If you live in California, New York, or Florida, then you might’ve noticed the hundreds of Kava bars that have popped up in the last year. Clearly, though this Polynesian drink derived from the kava plant root isn’t the tastiest, its popularity is undeniable. But what are the real benefits bestowed from ingesting the kava root? And are the benefits tempered by any side effects?
Kava – A Drink Centuries Old
Kava, also known as Piper methysticum, is not some new tropical plant recently discovered. In fact, the benefits of kava have been well recognized for about 3,000 years. Though it originated in Melanesia, kava root benefits became evident after the plant was cultivated in the Polynesian islands. There were a number of uses for kava—religious and otherwise. Later on, the appreciation for kava root benefits in promoting wellness grew.
Interestingly, the kava plant is related to the black pepper family. Its roots are rich in a substance called kavain, which is known as a kavalactone. Notably, kavalactones have been shown to reduce anxiety and promote relaxation. But how they accomplish this is still not known for certain. Regardless, by grinding the root and dissolving it in water, kava root affects those who drink it. And increasingly, people in the U.S. and other countries are discovering these kava root benefits.
What Are Some Kava Roots Benefits?
Kava root most commonly provides a sense of relaxation and a mild feeling of euphoria. But the actual kava root benefits you might enjoy varies significantly with the dose. In small dosages, it can offer a sense of wellness, sharpen your intellect, and help you be more tolerant of stress. As the dose increases, however, kava induces muscle relaxation and better sleep. And at even higher doses, deep sleep—as well as potential unwanted side effects—can develop.
So what is the ideal dose of kava? According to scientific studies, the effective dose to achieve mild to moderate benefits ranges from 70 to 250 mg. This range is what you would typically find in your local kava bar offerings. But this can vary significantly based on the amount of kava root extract used and its overall quality. At this time, standards for quality of kava do not yet exist. Thus, defining the actual quality of your kava beverage is challenging at best.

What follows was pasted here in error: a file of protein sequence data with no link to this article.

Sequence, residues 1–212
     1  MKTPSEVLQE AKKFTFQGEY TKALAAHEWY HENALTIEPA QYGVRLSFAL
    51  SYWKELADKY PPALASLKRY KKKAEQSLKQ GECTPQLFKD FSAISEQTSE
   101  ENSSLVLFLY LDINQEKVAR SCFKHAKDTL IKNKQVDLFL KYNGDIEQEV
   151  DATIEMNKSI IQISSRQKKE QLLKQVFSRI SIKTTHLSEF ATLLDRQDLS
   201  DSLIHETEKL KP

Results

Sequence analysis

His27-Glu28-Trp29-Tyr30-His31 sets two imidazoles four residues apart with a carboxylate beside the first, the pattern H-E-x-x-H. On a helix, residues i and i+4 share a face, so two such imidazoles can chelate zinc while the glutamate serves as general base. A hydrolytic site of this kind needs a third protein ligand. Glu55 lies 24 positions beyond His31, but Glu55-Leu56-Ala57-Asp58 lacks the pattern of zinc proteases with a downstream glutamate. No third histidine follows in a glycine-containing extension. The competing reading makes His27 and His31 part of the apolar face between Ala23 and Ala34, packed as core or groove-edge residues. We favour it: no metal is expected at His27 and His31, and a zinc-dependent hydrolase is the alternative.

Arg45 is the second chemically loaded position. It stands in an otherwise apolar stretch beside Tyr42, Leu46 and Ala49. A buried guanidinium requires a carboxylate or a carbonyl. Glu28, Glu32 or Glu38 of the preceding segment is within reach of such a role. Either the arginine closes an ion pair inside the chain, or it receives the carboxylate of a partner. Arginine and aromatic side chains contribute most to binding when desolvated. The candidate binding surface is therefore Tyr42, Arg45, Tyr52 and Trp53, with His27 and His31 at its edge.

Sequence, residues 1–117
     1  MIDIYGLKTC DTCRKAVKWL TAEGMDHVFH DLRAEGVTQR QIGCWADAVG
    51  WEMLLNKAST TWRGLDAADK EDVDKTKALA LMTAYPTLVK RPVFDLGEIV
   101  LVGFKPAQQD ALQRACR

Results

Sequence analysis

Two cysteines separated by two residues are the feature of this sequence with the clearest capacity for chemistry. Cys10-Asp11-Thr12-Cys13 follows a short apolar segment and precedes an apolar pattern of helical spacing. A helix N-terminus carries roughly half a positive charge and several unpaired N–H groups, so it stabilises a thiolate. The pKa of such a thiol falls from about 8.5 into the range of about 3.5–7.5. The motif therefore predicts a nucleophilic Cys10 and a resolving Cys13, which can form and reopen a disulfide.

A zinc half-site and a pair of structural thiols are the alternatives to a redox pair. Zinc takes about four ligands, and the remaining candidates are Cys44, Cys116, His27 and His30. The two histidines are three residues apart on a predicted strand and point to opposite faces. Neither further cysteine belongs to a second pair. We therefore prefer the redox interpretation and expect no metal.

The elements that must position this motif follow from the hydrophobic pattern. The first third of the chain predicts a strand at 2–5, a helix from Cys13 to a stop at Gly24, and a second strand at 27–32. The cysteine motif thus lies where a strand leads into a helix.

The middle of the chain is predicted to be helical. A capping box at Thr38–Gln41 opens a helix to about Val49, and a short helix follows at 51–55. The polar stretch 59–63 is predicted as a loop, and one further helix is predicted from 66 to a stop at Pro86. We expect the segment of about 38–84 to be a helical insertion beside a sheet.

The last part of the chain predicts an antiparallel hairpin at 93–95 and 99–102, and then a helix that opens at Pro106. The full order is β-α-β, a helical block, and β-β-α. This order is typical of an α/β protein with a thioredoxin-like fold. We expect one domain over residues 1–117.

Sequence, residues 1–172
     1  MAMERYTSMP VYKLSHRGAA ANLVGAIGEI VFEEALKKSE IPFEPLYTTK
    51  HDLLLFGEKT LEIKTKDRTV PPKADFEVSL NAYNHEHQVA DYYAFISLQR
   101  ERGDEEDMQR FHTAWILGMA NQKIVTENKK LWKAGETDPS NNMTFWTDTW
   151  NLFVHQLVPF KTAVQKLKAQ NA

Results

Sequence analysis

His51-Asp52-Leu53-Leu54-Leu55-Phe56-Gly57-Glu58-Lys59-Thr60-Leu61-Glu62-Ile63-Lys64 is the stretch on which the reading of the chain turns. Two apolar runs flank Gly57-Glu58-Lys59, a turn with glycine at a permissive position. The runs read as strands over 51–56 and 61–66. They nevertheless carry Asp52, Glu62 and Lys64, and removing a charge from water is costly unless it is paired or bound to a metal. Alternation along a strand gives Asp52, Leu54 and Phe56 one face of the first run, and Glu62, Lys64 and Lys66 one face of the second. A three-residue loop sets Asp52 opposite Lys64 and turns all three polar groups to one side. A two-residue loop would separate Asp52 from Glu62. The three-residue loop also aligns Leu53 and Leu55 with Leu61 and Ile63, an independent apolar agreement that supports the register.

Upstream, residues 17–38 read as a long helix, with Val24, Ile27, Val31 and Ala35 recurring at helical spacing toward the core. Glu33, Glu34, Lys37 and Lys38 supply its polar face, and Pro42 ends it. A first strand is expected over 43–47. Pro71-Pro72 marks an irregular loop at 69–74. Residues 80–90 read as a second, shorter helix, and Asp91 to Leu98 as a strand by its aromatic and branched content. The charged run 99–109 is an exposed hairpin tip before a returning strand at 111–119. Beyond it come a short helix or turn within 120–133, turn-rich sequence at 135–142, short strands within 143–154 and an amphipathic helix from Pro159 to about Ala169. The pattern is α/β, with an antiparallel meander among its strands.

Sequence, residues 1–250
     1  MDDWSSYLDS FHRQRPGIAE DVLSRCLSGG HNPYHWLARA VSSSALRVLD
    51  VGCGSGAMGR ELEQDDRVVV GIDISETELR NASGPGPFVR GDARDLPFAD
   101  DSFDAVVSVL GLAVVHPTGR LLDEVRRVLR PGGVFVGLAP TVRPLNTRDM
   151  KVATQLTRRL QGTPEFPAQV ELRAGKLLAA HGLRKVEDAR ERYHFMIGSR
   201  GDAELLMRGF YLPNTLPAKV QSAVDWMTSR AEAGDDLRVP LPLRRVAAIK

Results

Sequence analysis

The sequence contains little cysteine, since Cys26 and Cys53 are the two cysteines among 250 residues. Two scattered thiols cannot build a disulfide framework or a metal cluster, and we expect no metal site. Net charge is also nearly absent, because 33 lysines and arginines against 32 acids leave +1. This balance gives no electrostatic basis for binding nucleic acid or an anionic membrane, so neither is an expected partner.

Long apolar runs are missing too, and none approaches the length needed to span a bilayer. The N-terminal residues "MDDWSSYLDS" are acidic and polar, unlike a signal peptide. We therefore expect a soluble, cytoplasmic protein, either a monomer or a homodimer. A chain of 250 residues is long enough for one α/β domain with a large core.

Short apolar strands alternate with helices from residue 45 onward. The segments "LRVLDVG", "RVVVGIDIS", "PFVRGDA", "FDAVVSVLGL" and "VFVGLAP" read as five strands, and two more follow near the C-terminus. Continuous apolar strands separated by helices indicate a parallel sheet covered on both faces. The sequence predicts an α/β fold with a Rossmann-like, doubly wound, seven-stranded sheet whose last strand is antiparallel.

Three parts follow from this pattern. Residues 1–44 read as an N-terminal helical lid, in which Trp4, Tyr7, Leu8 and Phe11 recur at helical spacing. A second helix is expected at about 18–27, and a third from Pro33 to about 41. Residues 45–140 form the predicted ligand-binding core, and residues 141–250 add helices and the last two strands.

Are Kava Root Benefits Worth the Risk?
Kava is not a regulated substance in the U.S. The FDA has not found a need to restrict its consumption. However, side effects can develop—including some rather serious ones. Common side effects can include skin rashes, headaches, blurred vision, tremors, and clumsiness. These side effects tend to occur at higher doses and do not affect everyone. To avoid them, you should never exceed a daily amount of 250mg.
While the previously mentioned side effects are usually temporary, kava may also be toxic to the liver. Because the liver metabolizes it, cases of liver damage resulting from kava ingestion do exist. These are relatively rare, but anyone with existing liver disease should avoid the root. Likewise, medications that are metabolized by the liver are suspected to increase the risk of kava-induced liver injury. In addition, alcohol, which is also metabolized by the liver, should not be consumed with kava, either.
Kava Root Benefits Versus Risks – The Bottom Line
Most countries allow kava consumption, while some, like Canada, France, and Switzerland, do not. Germany and Australia, which had initially banned kava due to concerns about liver risks, now permit it.
If you are someone who experiences significant stress and anxiety, then kava might be beneficial in appropriate amounts. But like nearly all herbal remedies, kava root benefits must be weighed against potential harm. Ultimately, the decision of whether or not to drink kava will be an individual one. Knowing the pros and cons can help you make a healthy choice.